To find Atomic mass, it is important to understand whether the given sample is an atom, a sample containing isotopes of the atom at a given ratio, or if it is a natural sample of the element.
What is Atomic Mass?
Atomic mass can be defined as the total mass of one atom of any given element. The unit of atomic mass is called the unified atomic mass unit (denoted by ‘u’). Most of the atomic mass of a substance is made up of protons and neutrons. Therefore, it is almost equal to its mass number.
Relative isotopic mass refers to the mass of an isotope of an element when compared to one-twelfth of the mass of the carbon 12 isotope (which is equal to 12). It is also called atomic weight.
How to Find Atomic Mass?
Find Atomic Mass for a Single Atom
Since the combined masses of protons and neutrons account for almost all of the mass of the given atom, the atomic mass of the single atom can be calculated by adding the total number of protons and the total number of neutrons of that particular isotope.
The number of protons in a given atom is always equal to its atomic number. For example, the atomic number of oxygen is 8, therefore the total number of protons in an oxygen atom is 8. The total number of neutrons is generally specified when describing which isotope the atom belongs to.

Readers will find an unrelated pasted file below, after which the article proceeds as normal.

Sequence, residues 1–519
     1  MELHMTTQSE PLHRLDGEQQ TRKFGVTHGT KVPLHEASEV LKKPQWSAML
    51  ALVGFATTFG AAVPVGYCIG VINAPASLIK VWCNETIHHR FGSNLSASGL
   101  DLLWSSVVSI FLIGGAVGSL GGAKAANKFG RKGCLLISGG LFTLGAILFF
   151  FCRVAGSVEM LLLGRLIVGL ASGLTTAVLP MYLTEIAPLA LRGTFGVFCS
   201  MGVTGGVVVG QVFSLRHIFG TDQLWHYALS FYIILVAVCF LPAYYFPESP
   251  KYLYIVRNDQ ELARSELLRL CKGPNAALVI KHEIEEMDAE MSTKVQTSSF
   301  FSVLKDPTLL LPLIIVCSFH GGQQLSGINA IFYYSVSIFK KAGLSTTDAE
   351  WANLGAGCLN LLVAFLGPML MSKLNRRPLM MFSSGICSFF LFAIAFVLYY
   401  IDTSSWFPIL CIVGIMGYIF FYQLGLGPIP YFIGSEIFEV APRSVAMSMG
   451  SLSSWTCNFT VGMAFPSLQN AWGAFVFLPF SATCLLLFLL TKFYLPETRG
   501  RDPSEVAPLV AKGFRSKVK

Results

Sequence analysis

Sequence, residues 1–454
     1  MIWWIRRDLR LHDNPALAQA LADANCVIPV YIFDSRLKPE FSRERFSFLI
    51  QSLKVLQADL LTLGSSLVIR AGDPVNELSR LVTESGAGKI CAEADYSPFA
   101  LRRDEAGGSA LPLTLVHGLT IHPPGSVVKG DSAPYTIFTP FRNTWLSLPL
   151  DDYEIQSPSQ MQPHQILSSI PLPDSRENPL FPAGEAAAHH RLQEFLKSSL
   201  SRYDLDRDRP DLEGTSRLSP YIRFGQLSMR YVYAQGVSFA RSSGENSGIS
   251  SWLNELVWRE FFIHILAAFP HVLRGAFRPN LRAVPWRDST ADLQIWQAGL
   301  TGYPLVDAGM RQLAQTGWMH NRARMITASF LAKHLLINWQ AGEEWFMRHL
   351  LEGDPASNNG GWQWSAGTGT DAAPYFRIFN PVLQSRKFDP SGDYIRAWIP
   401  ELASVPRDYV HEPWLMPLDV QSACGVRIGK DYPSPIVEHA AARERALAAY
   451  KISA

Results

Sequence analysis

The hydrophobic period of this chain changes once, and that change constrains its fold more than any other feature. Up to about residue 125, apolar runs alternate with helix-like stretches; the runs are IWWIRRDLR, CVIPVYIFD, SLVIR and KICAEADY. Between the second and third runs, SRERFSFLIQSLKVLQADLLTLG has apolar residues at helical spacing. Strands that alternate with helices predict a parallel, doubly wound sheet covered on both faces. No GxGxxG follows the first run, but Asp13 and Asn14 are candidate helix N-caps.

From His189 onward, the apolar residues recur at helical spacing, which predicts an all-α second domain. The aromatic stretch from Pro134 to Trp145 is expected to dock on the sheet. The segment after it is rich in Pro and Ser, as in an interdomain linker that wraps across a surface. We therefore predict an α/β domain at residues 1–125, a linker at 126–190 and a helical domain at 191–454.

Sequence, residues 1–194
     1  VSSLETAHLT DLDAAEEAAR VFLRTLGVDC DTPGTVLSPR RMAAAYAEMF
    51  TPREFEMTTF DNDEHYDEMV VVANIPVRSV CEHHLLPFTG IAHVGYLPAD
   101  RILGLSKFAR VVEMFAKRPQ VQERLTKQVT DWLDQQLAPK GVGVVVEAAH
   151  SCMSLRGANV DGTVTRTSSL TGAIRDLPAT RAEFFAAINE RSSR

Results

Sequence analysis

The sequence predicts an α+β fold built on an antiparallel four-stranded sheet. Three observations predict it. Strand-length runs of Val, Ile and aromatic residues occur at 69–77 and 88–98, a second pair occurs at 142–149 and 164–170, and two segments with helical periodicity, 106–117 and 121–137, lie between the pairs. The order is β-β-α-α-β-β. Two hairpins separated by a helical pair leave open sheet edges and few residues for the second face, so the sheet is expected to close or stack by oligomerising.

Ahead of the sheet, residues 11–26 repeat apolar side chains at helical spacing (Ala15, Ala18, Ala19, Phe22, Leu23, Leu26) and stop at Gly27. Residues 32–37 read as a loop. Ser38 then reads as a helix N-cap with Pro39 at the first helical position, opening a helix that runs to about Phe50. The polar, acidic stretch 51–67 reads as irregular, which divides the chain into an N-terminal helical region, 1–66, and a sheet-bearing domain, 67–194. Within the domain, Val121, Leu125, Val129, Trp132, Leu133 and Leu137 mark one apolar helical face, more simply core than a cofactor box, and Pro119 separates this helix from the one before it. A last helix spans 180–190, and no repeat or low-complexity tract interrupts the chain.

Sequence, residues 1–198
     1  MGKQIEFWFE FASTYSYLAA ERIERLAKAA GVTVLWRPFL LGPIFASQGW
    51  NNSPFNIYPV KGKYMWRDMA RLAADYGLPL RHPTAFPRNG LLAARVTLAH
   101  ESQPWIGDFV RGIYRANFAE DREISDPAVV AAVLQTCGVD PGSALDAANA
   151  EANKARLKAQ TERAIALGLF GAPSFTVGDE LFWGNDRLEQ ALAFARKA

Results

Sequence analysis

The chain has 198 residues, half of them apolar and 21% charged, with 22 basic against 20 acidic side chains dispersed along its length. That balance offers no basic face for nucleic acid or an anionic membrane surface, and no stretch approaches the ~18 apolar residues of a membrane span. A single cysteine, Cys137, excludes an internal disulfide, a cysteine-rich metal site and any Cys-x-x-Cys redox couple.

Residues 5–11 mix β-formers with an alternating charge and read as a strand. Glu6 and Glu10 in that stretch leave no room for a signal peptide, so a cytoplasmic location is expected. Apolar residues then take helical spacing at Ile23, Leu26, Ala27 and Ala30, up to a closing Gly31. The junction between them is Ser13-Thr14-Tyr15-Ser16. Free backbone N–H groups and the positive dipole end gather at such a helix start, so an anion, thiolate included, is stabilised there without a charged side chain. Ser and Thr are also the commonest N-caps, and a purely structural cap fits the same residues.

Example: Calculation of the atomic mass of an oxygen molecule with 9 neutrons.
Total number of protons in oxygen = Atomic number of oxygen = 8
Total number of neutrons in the isotope (given) = 9
Atomic mass of the given oxygen atom = 8+9 = 17
Find the Atomic Mass of a Natural Sample
The atomic mass of the given natural sample can be easily looked up on the periodic table. To find the element on the periodic table, the element symbol or its atomic number must be known. Once the required data is attained, it can be compared with the periodic table where the atomic mass of the natural sample in atomic mass units will be provided in decimal figures.
Find the Atomic Mass of a Given Ratio of Isotopes
When the sample is a mixture of isotopes of the given element in varying percentages, the following method can be used:
Step 1: Multiply the atomic mass of the isotope with its abundance percentage and divide the result by 100.
Step 2: Add the values gained from step 1 for each given isotope in the sample.
Example: Calculating the atomic mass of a given chlorine sample where two isotopes are mixed. The first isotope has an atomic mass of 34.96885 and has an abundance of 75.78%. The second isotope has an atomic mass of 36.96590 and has an abundance of 24.22%.
Step 1: (Atomic mass of each isotope) x (%Abundance /100)
34.96885*0.7578 = 26.50 (i)
36.96590*0.2422 = 8.95 (ii)
Step 2: Adding (i) and (ii), the atomic mass of the given sample is determined.
26.50 + 8.95 = 35.45
Thus, the atomic mass of the given sample of chlorine was found to be 35.45